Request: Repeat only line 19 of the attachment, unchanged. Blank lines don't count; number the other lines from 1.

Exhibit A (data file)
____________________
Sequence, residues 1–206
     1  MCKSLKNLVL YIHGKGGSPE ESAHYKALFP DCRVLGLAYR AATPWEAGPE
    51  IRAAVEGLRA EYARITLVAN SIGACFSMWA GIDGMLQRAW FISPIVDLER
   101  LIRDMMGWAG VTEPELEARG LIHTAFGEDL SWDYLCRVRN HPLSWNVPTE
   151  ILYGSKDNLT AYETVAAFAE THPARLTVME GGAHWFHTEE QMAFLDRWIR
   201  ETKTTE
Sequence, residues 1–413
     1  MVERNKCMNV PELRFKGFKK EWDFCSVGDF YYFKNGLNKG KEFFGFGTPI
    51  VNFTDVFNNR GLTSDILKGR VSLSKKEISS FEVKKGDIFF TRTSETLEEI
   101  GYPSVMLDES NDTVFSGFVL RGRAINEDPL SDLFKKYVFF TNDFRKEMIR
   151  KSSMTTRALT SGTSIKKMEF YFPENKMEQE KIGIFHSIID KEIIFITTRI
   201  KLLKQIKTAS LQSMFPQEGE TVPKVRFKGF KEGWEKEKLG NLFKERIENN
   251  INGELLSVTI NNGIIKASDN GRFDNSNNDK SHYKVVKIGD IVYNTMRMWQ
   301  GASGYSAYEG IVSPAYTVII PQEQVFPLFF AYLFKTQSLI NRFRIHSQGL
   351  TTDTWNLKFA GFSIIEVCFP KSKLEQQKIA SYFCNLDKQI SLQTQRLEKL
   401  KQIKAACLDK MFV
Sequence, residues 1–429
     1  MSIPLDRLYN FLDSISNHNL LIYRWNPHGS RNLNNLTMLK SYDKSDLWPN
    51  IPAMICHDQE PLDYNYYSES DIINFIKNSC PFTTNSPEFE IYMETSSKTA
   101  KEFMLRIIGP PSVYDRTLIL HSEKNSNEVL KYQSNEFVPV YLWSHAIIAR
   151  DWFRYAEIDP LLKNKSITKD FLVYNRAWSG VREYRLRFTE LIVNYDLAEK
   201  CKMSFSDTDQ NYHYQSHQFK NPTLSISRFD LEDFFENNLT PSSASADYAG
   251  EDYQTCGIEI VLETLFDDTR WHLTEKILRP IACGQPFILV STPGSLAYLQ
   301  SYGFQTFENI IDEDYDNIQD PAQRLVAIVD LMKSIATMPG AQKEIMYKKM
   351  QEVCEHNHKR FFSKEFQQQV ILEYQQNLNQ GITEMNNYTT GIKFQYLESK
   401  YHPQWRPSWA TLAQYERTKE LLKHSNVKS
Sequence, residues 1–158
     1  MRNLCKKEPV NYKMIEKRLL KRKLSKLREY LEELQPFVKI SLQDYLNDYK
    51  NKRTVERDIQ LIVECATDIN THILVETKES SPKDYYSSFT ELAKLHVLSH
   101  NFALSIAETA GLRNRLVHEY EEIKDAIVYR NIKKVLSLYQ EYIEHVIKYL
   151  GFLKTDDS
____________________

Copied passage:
    51  IPAMICHDQE PLDYNYYSES DIINFIKNSC PFTTNSPEFE IYMETSSKTA